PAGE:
No, it wasn’t last week when Blake Griffin slugged his buddy, equipment manager Matias Testi, who barely comes up to his shoulder.
It goes all the way back to Doc Rivers’ arrival in the 2013-14 season that ended with Donald Sterling igniting himself, streaking across the sky like a fireball and disappearing from their sight forever.
If that seemed like a good thing for the Clippers, it marked their zenith. They have been devolving ever since Steve Ballmer paid $2 billion for them.
The Clippers won 57 that season, beat the Warriors in the first round — how wild does that sound two years later? —then fell to OKC only after Chris Paul was called for grazing Russell Westbrook on a desperate heave at the end of regulation in Game 5, giving Russ to the three free throws that tied it.
OKC won in OT or the Clippers would have gone home for Game 6 with a 3-2 lead.
Rivers’ arrival was No. 1 on a list of things that had gone spectacularly right at the end of Sterling’s long, madcap reign.
1) Coach/President Mike Dunleavy and right-hand man Neil Olshey drafted DeAndre Jordan (35th overall) in the second round in 2008.
2) They hit the lottery for Griffin in 2009.
3) Olshey, now GM, landed New Orleans’ Chris Paul in 2011 with the Lakers trying to get back into it before David Stern spiked their deal.
4) Olshey got Paul to waive his opt-out at the end of that lockout-shortened 2011-12 season, giving them two years to prove themselves, and giving CP3 his choice of coaches.
5) With Olshey stolen away by Portland after Sterling — typically — let his contract run out, a committee of president Andy Roeser, Coach Vinny Del Negro and CP3 landed key members of one of the NBA’s top benches, led by Jamal Crawford.
Rivers’ arrival in the summer of 2013 was the maraschino cherry atop the sundae of their good fortune.
Until then team officials had to hope that whatever they pulled off was obviously beneficial enough to get the gloomy Sterling to forego his usual second-guessing.
River got control of the basketball operation — but so had Dunleavy, only to endure a year of defrocking when their fortunes nosed over.
With league-wise cachet, Rivers wouldn’t stand for that. When Sterling resisted his first trade, Doc was reportedly ready to walk just weeks after arriving.
Nor did it remain a secret. Yahoo’s Adrian Wojnarowski, an old Doc guy, broke it, serving notice on Sterling to stay the hell out of the way if he wanted to keep his coach.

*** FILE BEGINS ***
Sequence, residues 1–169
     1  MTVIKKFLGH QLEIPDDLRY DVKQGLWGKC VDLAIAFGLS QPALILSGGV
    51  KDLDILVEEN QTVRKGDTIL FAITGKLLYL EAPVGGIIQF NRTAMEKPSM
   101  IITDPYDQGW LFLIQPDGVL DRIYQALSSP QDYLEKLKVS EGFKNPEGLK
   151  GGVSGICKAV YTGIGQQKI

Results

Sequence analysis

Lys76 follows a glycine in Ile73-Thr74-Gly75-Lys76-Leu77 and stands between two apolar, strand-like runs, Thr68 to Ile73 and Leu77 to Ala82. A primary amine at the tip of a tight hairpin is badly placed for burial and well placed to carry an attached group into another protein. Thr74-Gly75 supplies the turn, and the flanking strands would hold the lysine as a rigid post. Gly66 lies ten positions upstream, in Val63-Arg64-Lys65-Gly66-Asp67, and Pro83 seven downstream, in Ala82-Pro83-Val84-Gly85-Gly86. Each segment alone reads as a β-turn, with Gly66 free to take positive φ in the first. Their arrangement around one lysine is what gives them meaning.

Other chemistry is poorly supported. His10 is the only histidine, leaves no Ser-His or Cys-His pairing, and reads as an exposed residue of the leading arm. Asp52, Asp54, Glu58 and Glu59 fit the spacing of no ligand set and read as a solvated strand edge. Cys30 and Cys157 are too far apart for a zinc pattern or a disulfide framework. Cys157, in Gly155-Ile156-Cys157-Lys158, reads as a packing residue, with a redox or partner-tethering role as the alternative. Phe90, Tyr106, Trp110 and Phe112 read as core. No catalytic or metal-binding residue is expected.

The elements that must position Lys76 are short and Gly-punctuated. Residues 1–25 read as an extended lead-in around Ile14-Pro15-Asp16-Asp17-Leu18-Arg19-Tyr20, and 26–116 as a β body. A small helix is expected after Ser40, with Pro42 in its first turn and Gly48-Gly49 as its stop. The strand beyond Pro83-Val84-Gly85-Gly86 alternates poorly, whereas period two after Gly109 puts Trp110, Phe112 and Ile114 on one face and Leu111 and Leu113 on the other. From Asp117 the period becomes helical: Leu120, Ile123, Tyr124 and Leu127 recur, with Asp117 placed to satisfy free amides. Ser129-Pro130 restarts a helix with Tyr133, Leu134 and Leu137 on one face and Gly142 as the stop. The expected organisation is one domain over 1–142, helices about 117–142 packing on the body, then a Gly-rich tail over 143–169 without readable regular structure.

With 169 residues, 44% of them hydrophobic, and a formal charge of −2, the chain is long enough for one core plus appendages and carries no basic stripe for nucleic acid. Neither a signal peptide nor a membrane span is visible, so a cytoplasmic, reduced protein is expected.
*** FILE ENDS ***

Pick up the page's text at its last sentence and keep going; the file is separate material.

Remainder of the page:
So far it was all good. They had youth, athleticism, skill, leadership, on the floor and off, and for the first time, stability.
It was an open secret in Miami that LeBron James was dying to play for Doc and alongside CP3, the godfather to one of Bron’s sons.
The Clips didn’t have the cap space for James but seemed poised for greatness without him.
Unfortunately, that three-team trade with Milwaukee and Phoenix which Sterling resisted went through.
Out went Eric Bledsoe. In came J.J. Redick.
Everyone knew Bledsoe was a star-in-waiting stuck behind Paul. If the two got along — EB had attended CP3’s camp — everyone knew Bledsoe would have to leave to get paid.
The Warriors had already begun to show what could be done with three guards–Steph Curry, Klay Thompson and Jarrett Jack — in a second-round loss to San Antonio.
Since Bledsoe actually played well with Paul, the Clippers were ideally positioned to play a lot of small ball. With more daring, imagination and enough brinksmanship to get Donald to max out a bench player, they might have kept Bledsoe.
Instead, they went conventional.
Rivers went with Paul’s desire for Redick, a crack shooter over a cheaper alternative like Aaron Afflalo, then in Orlando, available for bupkus and a better defender.
The bench has since deteriorated annually.
Darren Collison, stellar for a season, was allowed to leave (for Sacramento) to sign Spencer Hawes, who had been fine starting in Philadelphia but was a disaster and is now in Charlotte.
Josh Smith came from Houston, lasted three months and is once more a Rocket.
At 38, Paul Pierce is averaging 20.5 minutes as a starter. Lance Stephenson, another high-profile acquisition/disaster, is no longer in the rotation.
If they were still capable of competing at a high level with Griffin, we wouldn’t have the Warriors now setting the standard in the West.
Golden State is a model, not only of what you can do on offense but what you can get a bunch of offensive players to do on defense, and of what comprises good chemistry.
Losing one of your stars with a broken hand after punching out his entourage’s version of Turtle doesn’t cut it, chemistry-wise.
It remains to be seen when Griffin will return — Rivers has scoffed at the team’s four-to-six week projection — and how long he’ll be suspended when he’s back.
The Clippers were grim to a man after going to 13-3 without Griffin Wednesday in Atlanta.
“We’re all like family,” said Paul. “That’s how we’re going to deal with this, as a family.”
“Two guys that I’m super close with, and it’s sticky, man,” said Jordan, who was out with Griffin and Testi. “It’s tough.”
“This is a hard lesson for Blake but it’s also a hard lesson for our team,” said Rivers.
As far as their future goes, they no longer need shades to see it. Now it’s more like a searchlight.
Hall of Fame writer Mark Heisler, a member of the writers’ wing at the Naismith Hall of Fame, is a founding member and regular columnist for SheridanHoops, as well as the Los Angeles Daily News. Follow him on Twitter.